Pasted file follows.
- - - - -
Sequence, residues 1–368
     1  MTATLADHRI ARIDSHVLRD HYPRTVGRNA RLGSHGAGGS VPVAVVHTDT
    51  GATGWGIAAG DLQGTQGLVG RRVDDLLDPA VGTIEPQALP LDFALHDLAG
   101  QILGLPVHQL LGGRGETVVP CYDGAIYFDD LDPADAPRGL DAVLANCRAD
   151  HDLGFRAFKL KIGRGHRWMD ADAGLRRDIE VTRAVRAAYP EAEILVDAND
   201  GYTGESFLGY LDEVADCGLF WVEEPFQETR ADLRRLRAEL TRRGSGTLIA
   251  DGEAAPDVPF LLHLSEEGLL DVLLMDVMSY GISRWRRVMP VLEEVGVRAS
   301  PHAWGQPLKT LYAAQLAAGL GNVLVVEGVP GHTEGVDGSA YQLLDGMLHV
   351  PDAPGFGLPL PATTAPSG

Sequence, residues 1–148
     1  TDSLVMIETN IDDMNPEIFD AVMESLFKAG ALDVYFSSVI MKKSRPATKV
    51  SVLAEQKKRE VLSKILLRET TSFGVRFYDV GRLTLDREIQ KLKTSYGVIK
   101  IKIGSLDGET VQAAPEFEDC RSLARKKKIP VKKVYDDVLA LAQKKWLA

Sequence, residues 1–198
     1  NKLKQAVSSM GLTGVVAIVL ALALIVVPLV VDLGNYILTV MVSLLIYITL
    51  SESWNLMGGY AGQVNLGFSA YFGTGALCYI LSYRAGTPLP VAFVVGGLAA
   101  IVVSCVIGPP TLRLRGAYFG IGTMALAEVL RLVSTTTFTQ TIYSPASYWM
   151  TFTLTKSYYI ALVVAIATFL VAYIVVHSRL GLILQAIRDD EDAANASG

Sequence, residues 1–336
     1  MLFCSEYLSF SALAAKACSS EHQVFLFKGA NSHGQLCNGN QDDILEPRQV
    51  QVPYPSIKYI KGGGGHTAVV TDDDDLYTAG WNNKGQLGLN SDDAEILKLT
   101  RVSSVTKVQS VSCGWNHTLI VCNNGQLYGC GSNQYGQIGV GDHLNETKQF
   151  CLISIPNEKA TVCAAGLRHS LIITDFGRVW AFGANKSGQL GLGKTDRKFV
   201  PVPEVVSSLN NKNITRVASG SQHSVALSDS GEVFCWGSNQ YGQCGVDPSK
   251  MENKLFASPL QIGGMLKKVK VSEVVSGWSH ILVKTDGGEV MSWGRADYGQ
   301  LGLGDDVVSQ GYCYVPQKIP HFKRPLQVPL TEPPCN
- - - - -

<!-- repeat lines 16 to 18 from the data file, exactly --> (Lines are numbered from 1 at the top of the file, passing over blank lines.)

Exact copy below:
    51  SESWNLMGGY AGQVNLGFSA YFGTGALCYI LSYRAGTPLP VAFVVGGLAA
   101  IVVSCVIGPP TLRLRGAYFG IGTMALAEVL RLVSTTTFTQ TIYSPASYWM
   151  TFTLTKSYYI ALVVAIATFL VAYIVVHSRL GLILQAIRDD EDAANASG